PhD Cornell University, 1968
Area(s) of Expertise
Theoretical Condensed Matter Physics
The main area of research involves applications of quantum field theory at the interface between high energy theory and condensed matter theory. The work is almost always done in very close collaboration with experimentalists both at Northeastern University and in Europe. The research topics are extremely varied, and only some of the topics are briefly listed below.
(i) Quantum electrodynamics has been applied to electrical engineering circuits in low temperature (and more recently high temperature superconducting Josephson weak link circuits). Macroscopic quantum states have been predicted and observed in such circuits allowing for studies on the nature of the quantum mechanical measurements and the nature of the thermodynamic second law entropy increase and its connection with what we perceive as the forward direction in time. The Feynman-Einstein-Tolman-Podolsky notions of forward and backward propagation of signals in quantum field theory is taken quite seriously. Although usually restricted to high energy particle physics, such time propagation may be applied to electrical engineering circuits.
(ii) Macroscopic quantum mechanics and the nature of time reversal symmetry has long appeared important for processes involving K mesons. In particular, at the F factory (to built in Rome) there will be there will be copious production of particle-antiparticle pairs of K Mesons. Quantum interference in detection of the K decay products will be measured on the macroscopic length scale of centimeters. This gives us the opportunity to investigate the Einstein-Tolman-Podolsky notion that ‘future measurements’ can have an effect on ‘past measurements’. Similar oscillations studies are being carried out for neutrinos and other Fermions.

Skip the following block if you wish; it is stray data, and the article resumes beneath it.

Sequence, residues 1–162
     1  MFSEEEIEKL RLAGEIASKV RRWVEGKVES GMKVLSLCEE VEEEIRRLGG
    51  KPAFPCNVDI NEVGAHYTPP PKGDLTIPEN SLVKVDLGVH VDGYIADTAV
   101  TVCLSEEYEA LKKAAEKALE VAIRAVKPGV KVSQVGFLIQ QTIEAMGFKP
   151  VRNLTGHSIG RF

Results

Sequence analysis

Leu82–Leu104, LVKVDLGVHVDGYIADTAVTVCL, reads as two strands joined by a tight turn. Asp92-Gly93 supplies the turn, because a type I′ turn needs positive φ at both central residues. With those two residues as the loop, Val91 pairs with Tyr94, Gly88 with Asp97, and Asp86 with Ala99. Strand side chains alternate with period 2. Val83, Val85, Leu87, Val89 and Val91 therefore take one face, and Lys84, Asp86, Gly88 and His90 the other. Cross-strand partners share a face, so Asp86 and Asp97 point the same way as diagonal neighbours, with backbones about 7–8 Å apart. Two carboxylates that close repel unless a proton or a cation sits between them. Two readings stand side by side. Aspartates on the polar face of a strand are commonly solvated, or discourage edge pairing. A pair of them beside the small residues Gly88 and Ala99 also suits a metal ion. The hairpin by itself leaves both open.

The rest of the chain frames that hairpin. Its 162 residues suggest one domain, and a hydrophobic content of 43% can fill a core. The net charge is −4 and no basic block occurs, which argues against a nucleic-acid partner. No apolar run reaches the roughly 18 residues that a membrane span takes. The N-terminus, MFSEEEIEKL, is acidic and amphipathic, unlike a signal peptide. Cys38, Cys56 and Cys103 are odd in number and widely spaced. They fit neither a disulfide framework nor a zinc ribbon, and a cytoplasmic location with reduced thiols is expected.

(iii) Presently there is no experimental evidence for or against quantum gravity (i.e. quantum general relativity), although the experimental evidence for or against quantum gravity (i.e. quantum general relativity), although the experimental evidence for classical general relativity is quite substantial. The quantum gravity predictions suffer from being too large (divergent) in theory, and from being too small for experimental observation. Just as macroscopic quantum electrodynamics presents an electrical engineering problem, macroscopic quantum gravity presents a mechanical engineering problem. One must find quantum ‘stress-curvature-strain’ relations (the two sides of the Einstein field equations). There is a long way to go in this effort.
122 Dana Research Center